Moving an Existing Drupal Git Repository into Acquia Dev Cloud without Losing History

Russell Keppner
Tue, 04/10/2012 - 20:01 -- Russell Keppner

UPDATE: Although this method works, there is a much simpler way to bring existing Git repositories into Dev Cloud without losing history. Check out the newer post about using git-subtree for more information. That post supersedes this one.

So after much investigation and deliberation, we decided as a shop to do our Drupal hosting on Acquia Dev Cloud. We’ve been working our way up the abstraction stack (first we got out of taking care of hardware, moving everything to hosted services or virtual private servers in the cloud), and luckily this takes us about as far as we can go. No more initial build-out of a new web server, and no more handling OS-level security upgrades. Woohoo! Now I can just focus on building cool sites.

One of the (many) reasons we settled on Dev Cloud was the workflow integration using Git. We’ve been using Git for a while now, so all of our existing Drupal sites already have histories in their respective repositories. Since we’ve already got everything in Git, I figured there would be a straightforward way to bring it into Dev Cloud, but it doesn’t appear to work that way. Luckily, since I knew exactly what I wanted, a lot of Googling and a little trial-and-error got us where we needed to be. Since I needed to document the process for myself, and since I didn’t find clear directions on how to do this anywhere else, I’m posting the process here, in hopes that it will help make other developers’ migration processes easier.

Getting Ready

After logging in at and selecting one of your “subscriptions,” under Dev Cloud, click New site to add the site to import, then switch to the subscription for your newly added site.

Under Users and keys, add your SSH public key. Then back under Workflow, grab the “Git URL” and clone the repository on your local system.

git clone [git-url]

The new repository from Acquia seems to mostly be a series of directories that serve as placeholders. Unlike a standard Drupal installation, the actual files to run the site need to go in the docroot directory. This directory also starts out with a couple of dummy files that we won’t need, so we’ll just get rid of them.

cd [site-dir] git checkout master git rm -r docroot git commit -m "Removed default docroot." git push -u origin master

Now that we’ve got the cruft out, we need to move our existing site in, without losing the existing Git history. This is where Acquia’s fine documentation falls short, but we’ve got it covered.

We need to copy our existing codebase into the correct location in our site directory. Just make sure that you’re copying the base Drupal directory.

cp -R [old-dir] docroot

Rewriting Git’s History

Now comes the voodoo. While searching around to find how to merge in my existing Git history, I came across a question on Stack Overflow about something similar. The highest rated answer suggested using git-stitch-repo, but I gave up on getting all of the CPAN requirements working on my MacBook Pro. (It’s been a long, long time since I got started as a Perl programmer, and I don’t really want to go back.) Luckily, the next highest rated answer was right on the money, or at least reasonably close, and it seems that his answer was culled directly from the Git filter-branch man page.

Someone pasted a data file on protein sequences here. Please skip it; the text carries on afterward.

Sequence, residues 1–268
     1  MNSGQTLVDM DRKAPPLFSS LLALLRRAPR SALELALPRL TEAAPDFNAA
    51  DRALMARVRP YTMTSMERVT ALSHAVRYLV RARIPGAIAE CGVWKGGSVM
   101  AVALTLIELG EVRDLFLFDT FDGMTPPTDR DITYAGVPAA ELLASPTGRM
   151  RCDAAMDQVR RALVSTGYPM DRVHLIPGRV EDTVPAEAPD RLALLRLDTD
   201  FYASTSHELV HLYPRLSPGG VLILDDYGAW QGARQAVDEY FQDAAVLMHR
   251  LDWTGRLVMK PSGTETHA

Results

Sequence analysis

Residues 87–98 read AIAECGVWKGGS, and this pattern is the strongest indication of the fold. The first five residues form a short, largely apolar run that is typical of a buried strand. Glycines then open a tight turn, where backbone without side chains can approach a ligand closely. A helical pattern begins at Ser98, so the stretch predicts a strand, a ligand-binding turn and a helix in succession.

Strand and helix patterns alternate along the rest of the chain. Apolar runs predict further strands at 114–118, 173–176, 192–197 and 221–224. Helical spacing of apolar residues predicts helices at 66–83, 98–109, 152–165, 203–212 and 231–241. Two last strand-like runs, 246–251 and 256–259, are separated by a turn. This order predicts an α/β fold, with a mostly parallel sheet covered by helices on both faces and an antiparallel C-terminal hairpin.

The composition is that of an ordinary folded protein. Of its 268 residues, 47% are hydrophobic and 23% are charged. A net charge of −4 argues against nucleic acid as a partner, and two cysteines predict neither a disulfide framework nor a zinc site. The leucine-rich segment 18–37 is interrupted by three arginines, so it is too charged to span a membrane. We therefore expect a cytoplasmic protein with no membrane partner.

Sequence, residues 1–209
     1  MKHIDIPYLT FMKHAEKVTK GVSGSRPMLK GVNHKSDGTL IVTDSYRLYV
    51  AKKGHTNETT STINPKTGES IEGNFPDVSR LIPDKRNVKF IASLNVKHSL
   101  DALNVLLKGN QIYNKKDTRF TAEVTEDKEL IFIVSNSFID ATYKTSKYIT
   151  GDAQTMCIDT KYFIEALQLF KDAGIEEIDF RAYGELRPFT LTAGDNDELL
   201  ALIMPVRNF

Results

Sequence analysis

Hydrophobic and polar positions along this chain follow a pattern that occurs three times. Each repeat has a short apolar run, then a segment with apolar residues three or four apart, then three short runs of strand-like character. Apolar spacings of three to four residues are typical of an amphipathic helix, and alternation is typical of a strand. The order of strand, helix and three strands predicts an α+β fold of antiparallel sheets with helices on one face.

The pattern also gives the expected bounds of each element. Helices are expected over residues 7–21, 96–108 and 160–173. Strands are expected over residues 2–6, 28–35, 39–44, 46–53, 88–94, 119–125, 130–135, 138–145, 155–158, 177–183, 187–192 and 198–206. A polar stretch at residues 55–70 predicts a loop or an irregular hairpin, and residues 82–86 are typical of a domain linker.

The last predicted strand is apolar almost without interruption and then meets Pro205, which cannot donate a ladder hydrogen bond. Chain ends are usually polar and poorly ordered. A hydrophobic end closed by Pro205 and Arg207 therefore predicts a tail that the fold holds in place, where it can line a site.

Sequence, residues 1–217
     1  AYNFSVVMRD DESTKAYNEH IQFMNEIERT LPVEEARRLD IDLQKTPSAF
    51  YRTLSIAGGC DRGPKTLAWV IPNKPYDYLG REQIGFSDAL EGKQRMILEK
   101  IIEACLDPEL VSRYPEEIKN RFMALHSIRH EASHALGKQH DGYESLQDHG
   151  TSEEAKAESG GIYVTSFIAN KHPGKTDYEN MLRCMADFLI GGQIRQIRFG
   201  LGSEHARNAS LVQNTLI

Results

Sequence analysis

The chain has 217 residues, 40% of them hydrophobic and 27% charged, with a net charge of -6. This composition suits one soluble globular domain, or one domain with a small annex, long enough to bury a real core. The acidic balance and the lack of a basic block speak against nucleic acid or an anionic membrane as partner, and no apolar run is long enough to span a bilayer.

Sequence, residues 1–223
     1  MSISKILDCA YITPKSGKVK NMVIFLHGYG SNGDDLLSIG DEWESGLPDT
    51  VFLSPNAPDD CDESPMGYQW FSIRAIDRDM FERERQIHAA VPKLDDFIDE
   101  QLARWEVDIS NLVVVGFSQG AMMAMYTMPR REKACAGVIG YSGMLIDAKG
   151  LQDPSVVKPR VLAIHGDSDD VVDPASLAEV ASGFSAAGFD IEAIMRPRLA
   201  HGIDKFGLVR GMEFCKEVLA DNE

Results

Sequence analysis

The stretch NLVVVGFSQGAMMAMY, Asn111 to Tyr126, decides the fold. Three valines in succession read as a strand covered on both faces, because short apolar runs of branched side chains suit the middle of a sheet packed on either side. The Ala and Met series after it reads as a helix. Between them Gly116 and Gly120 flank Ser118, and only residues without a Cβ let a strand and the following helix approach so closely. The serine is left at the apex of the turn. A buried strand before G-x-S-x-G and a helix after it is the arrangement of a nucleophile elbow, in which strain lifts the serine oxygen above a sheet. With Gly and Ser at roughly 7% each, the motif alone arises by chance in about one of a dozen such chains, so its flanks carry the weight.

In essence, what we need to do is to move our existing Drupal file structure into a subdirectory, and then rewrite the history so that it looks like it was always in that subdirectory. With a little tweaking of the example, here’s what we need to do.

cd docroot git status # This seems to avoid a caching problem after moving the repository. git filter-branch --index-filter \ 'git ls-files -s | sed "s-\t-&docroot/-" | GIT_INDEX_FILE=$ \ git update-index --index-info && mv $ $GIT_INDEX_FILE' HEAD

NOTE: If you are doing this on a Mac (vs. Linux; sed isn’t going to work on Windows anyway), you need to replace the \t in the sed command with an actual tab character. Do this by hitting control-V, control-I. Don’t use the command key, and make sure that the second keystroke is the letter I, not a number 1 or a lower case L.

Now that we’ve got the files moved and the history fixed, we need to assemble everything together in our new Dev Cloud repository.

cd .. git pull docroot rm -rf docroot/docroot rm -rf docroot/.git

The Dev Cloud repo comes with its own .gitignore file in the top directory, so we don’t need or want the now redundant one that comes with Drupal.

git rm docroot/.gitignore

One of the reasons for this (oddly enough) is that we want to include the settings.php file in the repository for Dev Cloud, since Acquia has another way of dealing with the need for each site to have its own database connection definition. If you click on the Databases link under Dev Cloud, you’ll see a “require statement” that you need to add to the bottom of your settings.php file, so go ahead and copy it in, then we’ll commit everything (again).

git add docroot/sites/default/settings.php git commit -m "Import of existing repository." git push -u origin master

That, my friends, is how we get all of the workflow and performance goodness of Dev Cloud, while not having to toss out the history we’ve been so diligently keeping in Git. And in case any of you boys (or girls) over at Acquia are reading, you definitely have my permission to put this information, in any format you choose, in your Dev Cloud documentation. I don’t know how many other developers come to Dev Cloud with existing repos and history, but I imagine there are more than a few.

In my next post, I’ll go into a few of the tweaks I found to more easily sync a local development install with the Dev Cloud servers. I'll give you a hint: drush sql-sync is a beautiful thing.

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